If they can’t find it, they can’t buy it…One of the most crucial aspects of e-Commerce search is the way users perceive a lack of relevant search results. Is it because the site doesn’t carry the product, or is it because the site doesn’t support the query type?
• Reduce frequency of “no search results found”
• Improve usability
• Increase number of supported query types
I referenced Nielson Group and Baymard studies on eCommerce Search to get a better sense of supported Search Query types across the industry as whole and for interface best practices. I then looked at their Search usability scores through the lens of their global commerce ranking (see Top500 Database) to see if better usability might have a bearing in the success of their online business.
I did a deep dive audit of our own Search platform, pouring over customer videos, reviewing search metrics and submitting over 100 search queries to identify areas of confusion, opportunities for improvement and supported query types.
I presented the findings to our key stakeholders and got their support to make the initiative a priority and began working on competitive analysis of top performers in eCommerce Search usability benchmarks as well as some consumer favorites to get a better understanding of what made those experience great and what expectations customers brought from their personal life to their shopping experience.
Following the deep dive on data and competitive analysis I began speaking with Engineers and Product Owners about our technology stack, its restrictions and settling on a roadmap. However the roadmap we agreed was accelerated by leadership who to launch the improved search experience in parallel with a site re-architecture, new content index and article views. It was the first of many unforeseen bumps in our roadmap. We scaled back our initial experience to be a minimum viable product (MVP) and altered our plan to include iterative improvements post-launch.
Testing and Validation:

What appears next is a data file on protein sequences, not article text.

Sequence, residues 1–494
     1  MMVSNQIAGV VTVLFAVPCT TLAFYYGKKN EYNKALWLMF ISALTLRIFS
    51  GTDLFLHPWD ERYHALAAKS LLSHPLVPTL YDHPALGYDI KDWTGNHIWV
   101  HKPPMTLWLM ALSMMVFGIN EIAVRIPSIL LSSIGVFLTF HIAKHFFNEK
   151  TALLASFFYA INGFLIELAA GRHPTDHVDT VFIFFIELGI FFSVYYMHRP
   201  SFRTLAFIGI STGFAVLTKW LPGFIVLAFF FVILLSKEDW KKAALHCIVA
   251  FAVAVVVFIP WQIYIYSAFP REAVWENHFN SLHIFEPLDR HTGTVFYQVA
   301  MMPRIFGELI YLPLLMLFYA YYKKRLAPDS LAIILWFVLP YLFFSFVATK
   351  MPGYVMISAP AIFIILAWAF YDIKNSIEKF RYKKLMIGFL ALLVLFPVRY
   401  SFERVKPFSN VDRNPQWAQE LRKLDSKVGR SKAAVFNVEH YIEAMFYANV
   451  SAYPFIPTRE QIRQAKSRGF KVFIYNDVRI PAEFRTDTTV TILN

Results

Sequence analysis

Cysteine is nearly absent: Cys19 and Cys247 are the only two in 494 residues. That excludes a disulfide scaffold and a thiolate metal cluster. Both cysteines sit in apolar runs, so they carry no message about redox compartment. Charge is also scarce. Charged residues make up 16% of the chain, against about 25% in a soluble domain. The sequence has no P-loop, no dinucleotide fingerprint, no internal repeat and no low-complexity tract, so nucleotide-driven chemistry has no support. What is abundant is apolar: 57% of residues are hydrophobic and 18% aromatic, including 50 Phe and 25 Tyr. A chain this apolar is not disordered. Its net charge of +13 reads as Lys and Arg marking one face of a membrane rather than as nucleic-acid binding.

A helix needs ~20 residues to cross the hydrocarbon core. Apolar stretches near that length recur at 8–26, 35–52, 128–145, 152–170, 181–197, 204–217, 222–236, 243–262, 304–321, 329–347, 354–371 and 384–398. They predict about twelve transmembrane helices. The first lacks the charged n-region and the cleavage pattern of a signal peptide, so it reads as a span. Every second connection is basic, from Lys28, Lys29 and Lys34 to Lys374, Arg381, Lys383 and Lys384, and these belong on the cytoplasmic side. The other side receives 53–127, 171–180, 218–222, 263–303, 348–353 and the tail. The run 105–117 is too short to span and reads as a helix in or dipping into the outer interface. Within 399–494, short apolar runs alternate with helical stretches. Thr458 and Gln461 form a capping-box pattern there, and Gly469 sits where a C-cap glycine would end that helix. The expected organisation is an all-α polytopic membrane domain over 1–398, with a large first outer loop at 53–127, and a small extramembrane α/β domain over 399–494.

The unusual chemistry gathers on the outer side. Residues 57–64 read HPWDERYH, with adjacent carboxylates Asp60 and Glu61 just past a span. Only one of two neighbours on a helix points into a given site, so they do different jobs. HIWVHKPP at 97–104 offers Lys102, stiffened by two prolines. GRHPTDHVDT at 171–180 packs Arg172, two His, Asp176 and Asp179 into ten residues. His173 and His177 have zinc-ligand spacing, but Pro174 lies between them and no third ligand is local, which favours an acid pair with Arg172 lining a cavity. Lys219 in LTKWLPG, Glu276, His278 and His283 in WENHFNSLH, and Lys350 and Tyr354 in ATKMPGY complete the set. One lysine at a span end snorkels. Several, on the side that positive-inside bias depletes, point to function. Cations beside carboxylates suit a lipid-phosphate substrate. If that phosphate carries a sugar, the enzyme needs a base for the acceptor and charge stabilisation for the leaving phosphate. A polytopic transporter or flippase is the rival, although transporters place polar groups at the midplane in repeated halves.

Partnering with our team’s Usability Analyst we set up a list of several Search oriented tasks for new and return customers to complete within the mobile and desktop InVision prototype(s) I had built.
The tests were largely positive, customers felt the new search experience was cleaner, more intuitive and less pushy about product up-sells, however there was little engagement with site-level scope changes in the left rail and few customers used the Search Scope adjacent to the search field. (typically a power user feature)
Given that customer’s expectations are colored by the experiences they have with devices and products in their daily lives, we felt it would be good idea to test Google’s tab-based approach for our site-level scope changes — it was one of the few successful approaches we’d seen from a vendor with both Content and Commerce. Surely putting them front-and-center above the search results would drive more engagement? Luckily it did, and with the marked improvements we’d made we could proceed to building out a high fidelity designs, developing and QA testing before the eventual launch.
Search launched with much fanfare and we saw:
• Improved usability
• Decent strides in our support of Exact Search, Thematic and Product-based Search
• A decrease in support of Natural Language.
• Better integration between Search and Filters
What I Learned:
Aside from become the resident eCommerce Search expert, I’ve walked away with a cautionary tale about boosting keywords, a better understanding of the limitations of Oracle’s ATG and Endeca and have a much greater appreciation for the magic that happens behind the scenes of Google and Amazon’s search fields.